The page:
Subsurface ‘Lakes’ on Mars May Actually Be Frozen Clay Deposits

After various studies suggesting liquid water may lie underneath the Red Planet’s south pole, a new study suggests it instead consists of smectites

An image of Mars's South Pole. The photo shows a white icy cap surrounded by swirls of various shades of red.
For liquid water to exist on the Red Planet, the water needs to be infused with large amounts of salts or heated by a heat source like geothermal activity. ESA/DLR/FU Berlin/Bill Dunford

The search for evidence of past life on Mars has produced several studies investigating whether liquid water still exists on the planet today as it did in its ancient past. In recent years, several studies have presented evidence that liquid water could exist under layers of ice on the Red Planet. Now, however, a new study published July 15 in the journal Geophysical Research Letters, suggests frozen clay—not liquid water—may be buried beneath these so-called, ice-covered “lakes.”

Beginning in 2018, researchers published a ground-breaking study in Science detailing a mysterious feature thought to be a reservoir of liquid water underneath ice on Mars' south polar ice cap, also known as the south polar layered deposits (SPLD). In 2020, a follow-up study published in Nature Astronomy found a network of three underground lakes within the same region.

The studies detected the elusive underground lakes using data collected by the Mars Advanced Radar for Subsurface and Ionosphere Sounding instrument (MARSIS) aboard the European Space Agency's Mars Express Orbiter. The radar detected stronger and brighter signals from the planet, an effect water is known to have, NASA researchers explained in a press release. However, Mars is extremely cold, with temperatures averaging minus 81 degrees Fahrenheit and some scientists are puzzled over how water could remain as a liquid form in such extreme temperatures.

A new analysis from a different study published June 16 found that some of the shiny patches detected by MARSIS were in locations too cold for liquid water to exist, reports Science Alert's Michelle Starr. For liquid water to exist on the Red Planet, the water needs to be infused with large amounts of salt or warmed by a heat source like geothermal activity, Science Alert reports. In 2019, a study found that no amount of salt present on Mars is enough to melt the Martian south pole, and while the planet does have evidence of volcanic activity, it does not occur on either of the poles.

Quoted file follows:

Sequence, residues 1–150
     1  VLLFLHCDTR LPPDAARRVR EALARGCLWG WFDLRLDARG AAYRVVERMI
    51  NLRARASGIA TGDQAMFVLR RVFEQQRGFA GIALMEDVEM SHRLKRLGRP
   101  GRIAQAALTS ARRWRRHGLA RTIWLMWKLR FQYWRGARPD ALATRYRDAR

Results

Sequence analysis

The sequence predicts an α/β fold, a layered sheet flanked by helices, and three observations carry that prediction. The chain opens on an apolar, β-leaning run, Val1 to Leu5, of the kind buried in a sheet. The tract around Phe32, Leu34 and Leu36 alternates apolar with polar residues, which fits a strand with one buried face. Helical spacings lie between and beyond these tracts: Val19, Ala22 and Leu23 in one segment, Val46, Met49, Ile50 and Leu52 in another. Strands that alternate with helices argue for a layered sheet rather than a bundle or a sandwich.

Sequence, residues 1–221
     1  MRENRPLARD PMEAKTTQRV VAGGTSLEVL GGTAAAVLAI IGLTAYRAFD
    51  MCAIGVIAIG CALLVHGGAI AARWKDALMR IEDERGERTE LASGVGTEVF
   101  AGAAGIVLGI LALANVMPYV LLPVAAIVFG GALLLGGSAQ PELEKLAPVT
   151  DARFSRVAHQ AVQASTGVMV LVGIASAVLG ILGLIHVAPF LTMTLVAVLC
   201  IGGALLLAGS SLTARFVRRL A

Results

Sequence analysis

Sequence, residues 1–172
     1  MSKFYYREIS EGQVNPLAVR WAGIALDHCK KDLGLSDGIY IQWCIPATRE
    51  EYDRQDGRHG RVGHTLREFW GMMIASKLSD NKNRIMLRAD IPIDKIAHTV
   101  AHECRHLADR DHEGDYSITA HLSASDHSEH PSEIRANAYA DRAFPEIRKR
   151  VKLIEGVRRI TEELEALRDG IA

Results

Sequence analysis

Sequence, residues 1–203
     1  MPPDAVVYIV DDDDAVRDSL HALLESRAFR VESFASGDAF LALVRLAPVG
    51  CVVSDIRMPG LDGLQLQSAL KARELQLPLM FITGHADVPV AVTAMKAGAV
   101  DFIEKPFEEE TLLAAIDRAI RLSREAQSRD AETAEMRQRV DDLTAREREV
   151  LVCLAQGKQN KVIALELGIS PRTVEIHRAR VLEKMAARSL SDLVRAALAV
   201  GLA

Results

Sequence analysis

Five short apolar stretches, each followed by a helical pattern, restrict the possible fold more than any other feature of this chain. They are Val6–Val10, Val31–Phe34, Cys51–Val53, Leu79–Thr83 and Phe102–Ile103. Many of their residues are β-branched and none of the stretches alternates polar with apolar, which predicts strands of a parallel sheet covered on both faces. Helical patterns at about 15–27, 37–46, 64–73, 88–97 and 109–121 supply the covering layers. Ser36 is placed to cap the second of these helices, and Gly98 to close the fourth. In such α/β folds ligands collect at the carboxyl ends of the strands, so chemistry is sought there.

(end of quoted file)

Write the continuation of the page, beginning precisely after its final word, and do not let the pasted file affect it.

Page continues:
Based on this, Isaac Smith, a planetary scientist at York University, and his team suspect that instead of liquid water riddling Mars' south pole, the radar may be detecting deposits of frozen clay called smectites, reports Isaac Schultz for Gizmodo. Their newly published Geophysical Research Letters study provides another hypothesis on what MARSIS is picking up on the Red Planet's south pole.

"Among the Mars community, there has been skepticism about the lake interpretation, but no one had offered a really plausible alternative," Smith explains to Space.com's Charles Q. Choi. "So it's exciting to be able to demonstrate that something else can explain the radar observations and to demonstrate that the material is present where it would need to be. I love solving puzzles, and Mars has an infinite number of puzzles."

The team analyzed smectites, a type of clay that is more similar to volcanic rocks than other kinds of clay. This type of clay forms when volcanic rocks interact with water and, in general, the clay retains a lot of water, per Space.com. Smectites are found on the planet's southern highlands.

"Because these clays are at and beneath the south polar cap, it must have been warm enough there long ago to support liquids," Smith tells Space.com.

To test out their hypothesis, the team chilled smectites to a frosty minus 45 degrees Fahrenheit, an average temperature on Mars. Using a wave propagation model, the team found that the smectite could generate the radar reflections picked up by MARSIS, even if it's mixed with other materials, Space.com reports. Smith and his team also found evidence of smectites along Mars's south pole after analyzing visible and infrared light data collected from the region. The scientists suggest the smectites may have formed during warm spells on the planet when the south pole had liquid water. Over time, the clay was buried under ice.

"Science is a process, and scientists are always working towards the truth," Smith said to Space.com. "Showing that another material besides liquid water can make the radar observations doesn't mean that it was wrong to publish the first results in 2018. That gave a lot of people ideas for new experiments, modeling, and observations. Those ideas will translate to other investigations of Mars and already are for my team."

To know for sure what lies underneath Mars's south pole, researchers will need sophisticated instruments that can dip directly into the Martian pole, Gizmodo reports. For future studies, Smith and his colleagues plan to cool smectites at colder temperatures and repeat the experiment with other types of clays. Per Space.com, Mars has a diverse set of clays scattered on the planet, and the team suspects they may also reflect light.